Just last night, my wife asked me to identify a spider that was perched on the wall of our shower. A small thing, its body was only about 3 millimeters long, or about 1/10 an inch. It was an immature spider, and I didn’t manage to get a good look at the layout of its eyes, so I was unable to identify it as well as I’d like. (Many identification resources tend to be more helpful for identifying adult bugs than immature bugs).
While I myself couldn’t identify it to genus level, I shared the observation to iNaturalist, in hopes that somebody with more expertise in spiders would be able to get a closer identification. Regardless of what it is, the chances of its bite and venom being of medical importance are just about nill. The only spider of real medical importance we have here in Montana is the Western Black Widow.
Insects and their kin have been living alongside humans for a very long time – it’s thought that some of our current house-dwelling insects started out as cave dwellers, also living alongside our human forbears. Some early cave art even features cave crickets, as in the Cave of the Three Brothers in southwestern France.
An ongoing project on iNaturalist, “Never Home Alone”, attempts to learn more about our long-term arthropod houseguests. Thus far, this project has led to the discovery of a number of new species – organisms whose behavior “in the wild” is entirely unknown. They’ve only ever been observed and collected from human dwellings.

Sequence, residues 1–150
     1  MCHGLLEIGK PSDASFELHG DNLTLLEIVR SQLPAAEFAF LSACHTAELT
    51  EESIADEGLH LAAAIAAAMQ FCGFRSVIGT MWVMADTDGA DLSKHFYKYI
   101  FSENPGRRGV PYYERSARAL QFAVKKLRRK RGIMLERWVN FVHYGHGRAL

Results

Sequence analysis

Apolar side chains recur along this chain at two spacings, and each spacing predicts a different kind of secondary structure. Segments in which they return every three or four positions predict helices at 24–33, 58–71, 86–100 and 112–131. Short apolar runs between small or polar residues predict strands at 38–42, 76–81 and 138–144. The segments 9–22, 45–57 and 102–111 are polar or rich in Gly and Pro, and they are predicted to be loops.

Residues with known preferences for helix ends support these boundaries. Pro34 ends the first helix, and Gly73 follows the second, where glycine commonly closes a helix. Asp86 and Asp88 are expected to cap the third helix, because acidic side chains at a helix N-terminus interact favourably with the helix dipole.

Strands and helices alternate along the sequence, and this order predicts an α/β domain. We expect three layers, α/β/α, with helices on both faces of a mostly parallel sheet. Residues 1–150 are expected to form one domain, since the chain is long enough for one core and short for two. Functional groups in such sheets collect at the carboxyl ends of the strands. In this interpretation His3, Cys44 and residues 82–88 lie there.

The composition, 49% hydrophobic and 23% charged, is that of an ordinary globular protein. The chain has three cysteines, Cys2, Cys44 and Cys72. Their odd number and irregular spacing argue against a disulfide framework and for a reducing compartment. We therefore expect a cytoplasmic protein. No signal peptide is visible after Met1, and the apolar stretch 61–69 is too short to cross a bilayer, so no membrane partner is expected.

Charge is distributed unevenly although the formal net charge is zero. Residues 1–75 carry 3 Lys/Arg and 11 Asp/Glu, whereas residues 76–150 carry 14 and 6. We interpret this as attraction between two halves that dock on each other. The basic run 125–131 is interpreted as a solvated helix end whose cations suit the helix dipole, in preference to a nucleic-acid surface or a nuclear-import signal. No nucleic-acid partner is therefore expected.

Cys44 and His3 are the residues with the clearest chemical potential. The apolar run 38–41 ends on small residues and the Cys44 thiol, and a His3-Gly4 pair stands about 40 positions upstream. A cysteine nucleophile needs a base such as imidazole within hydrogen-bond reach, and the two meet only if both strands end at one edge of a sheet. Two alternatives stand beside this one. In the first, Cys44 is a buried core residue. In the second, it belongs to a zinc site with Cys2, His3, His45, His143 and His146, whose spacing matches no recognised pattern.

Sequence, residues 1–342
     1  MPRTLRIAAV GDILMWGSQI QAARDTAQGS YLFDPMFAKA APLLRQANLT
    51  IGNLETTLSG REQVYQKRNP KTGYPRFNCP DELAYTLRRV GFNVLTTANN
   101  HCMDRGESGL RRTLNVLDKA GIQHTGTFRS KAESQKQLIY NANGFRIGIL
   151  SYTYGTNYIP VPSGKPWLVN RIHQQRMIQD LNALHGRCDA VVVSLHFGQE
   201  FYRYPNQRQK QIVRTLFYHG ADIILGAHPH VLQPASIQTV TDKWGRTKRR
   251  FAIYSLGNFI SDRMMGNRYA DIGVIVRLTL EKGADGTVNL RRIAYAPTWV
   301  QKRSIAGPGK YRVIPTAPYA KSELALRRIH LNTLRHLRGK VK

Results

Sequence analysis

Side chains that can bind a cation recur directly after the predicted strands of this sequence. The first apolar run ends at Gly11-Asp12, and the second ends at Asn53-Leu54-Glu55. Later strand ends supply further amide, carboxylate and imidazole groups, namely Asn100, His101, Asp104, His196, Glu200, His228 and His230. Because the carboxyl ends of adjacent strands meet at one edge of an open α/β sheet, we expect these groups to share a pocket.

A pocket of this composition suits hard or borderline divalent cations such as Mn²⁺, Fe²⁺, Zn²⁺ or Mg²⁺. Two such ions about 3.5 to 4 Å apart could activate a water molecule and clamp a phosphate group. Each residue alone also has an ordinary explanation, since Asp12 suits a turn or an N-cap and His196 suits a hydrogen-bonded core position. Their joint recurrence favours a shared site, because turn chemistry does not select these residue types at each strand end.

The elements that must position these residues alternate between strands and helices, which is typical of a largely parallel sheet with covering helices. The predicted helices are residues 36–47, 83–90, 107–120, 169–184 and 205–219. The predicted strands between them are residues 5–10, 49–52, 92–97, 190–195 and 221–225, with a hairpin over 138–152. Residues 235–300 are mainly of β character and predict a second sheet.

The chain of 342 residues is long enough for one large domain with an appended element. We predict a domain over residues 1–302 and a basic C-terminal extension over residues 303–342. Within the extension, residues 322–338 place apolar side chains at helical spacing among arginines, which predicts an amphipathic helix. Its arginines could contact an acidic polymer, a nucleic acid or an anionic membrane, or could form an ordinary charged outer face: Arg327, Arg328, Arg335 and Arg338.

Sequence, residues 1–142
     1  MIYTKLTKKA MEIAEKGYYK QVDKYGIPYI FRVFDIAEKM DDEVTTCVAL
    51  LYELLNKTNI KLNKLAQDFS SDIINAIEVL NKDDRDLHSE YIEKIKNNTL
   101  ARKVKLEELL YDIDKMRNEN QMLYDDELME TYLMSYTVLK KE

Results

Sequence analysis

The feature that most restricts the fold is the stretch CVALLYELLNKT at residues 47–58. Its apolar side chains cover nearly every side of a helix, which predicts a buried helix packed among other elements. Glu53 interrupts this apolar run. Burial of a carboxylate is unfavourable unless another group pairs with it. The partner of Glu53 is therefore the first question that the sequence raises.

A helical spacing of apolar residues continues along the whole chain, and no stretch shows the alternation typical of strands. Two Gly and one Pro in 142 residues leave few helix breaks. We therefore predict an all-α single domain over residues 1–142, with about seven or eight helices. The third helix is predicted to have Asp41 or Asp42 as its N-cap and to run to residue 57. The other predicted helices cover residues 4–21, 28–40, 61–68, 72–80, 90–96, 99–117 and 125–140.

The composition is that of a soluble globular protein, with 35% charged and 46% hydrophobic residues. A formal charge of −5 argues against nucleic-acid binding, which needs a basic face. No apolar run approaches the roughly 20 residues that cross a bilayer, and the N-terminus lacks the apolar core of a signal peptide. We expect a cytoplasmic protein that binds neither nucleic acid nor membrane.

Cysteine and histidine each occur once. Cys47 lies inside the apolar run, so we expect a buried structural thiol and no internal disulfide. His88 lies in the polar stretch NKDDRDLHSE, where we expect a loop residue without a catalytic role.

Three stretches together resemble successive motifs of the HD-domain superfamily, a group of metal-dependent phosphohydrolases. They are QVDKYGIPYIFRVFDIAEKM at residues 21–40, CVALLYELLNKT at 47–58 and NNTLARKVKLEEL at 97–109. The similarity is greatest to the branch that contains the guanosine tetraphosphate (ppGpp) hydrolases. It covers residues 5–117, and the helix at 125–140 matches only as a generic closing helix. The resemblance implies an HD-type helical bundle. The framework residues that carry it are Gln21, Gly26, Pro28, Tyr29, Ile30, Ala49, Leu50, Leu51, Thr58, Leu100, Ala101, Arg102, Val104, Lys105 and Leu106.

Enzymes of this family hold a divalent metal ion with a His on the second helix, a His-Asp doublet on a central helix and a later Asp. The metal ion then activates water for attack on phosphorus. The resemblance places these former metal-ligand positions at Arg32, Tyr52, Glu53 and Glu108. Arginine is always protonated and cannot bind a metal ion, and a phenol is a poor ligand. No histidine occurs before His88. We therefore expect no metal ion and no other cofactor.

The scientific paper that this project arose from found that upwards of 100 species of insects could be found in just about every home they surveyed. Defying the stereotype, folks with larger homes in better parts of town had more species of insects, not fewer! Regardless of homeowner’s income, the vast majority of the insect houseguests discovered were non-pest species, and some hadn’t been observed in the region before.
If an entomologist finds that your home is full of bugs, you shouldn’t feel too bad – chances are good that your neighbors’ homes have similar numbers of insects. They’re mostly harmless, and some are even beneficial…. Case in point, at closing time, the spider from the shower had been identified as a harmless variety of cellar spider, Pholcophora americana, who had likely been feeding on moth flies from our drains.
At present, the cellar spider has been relocated to the holly to join our Christmas Spiders.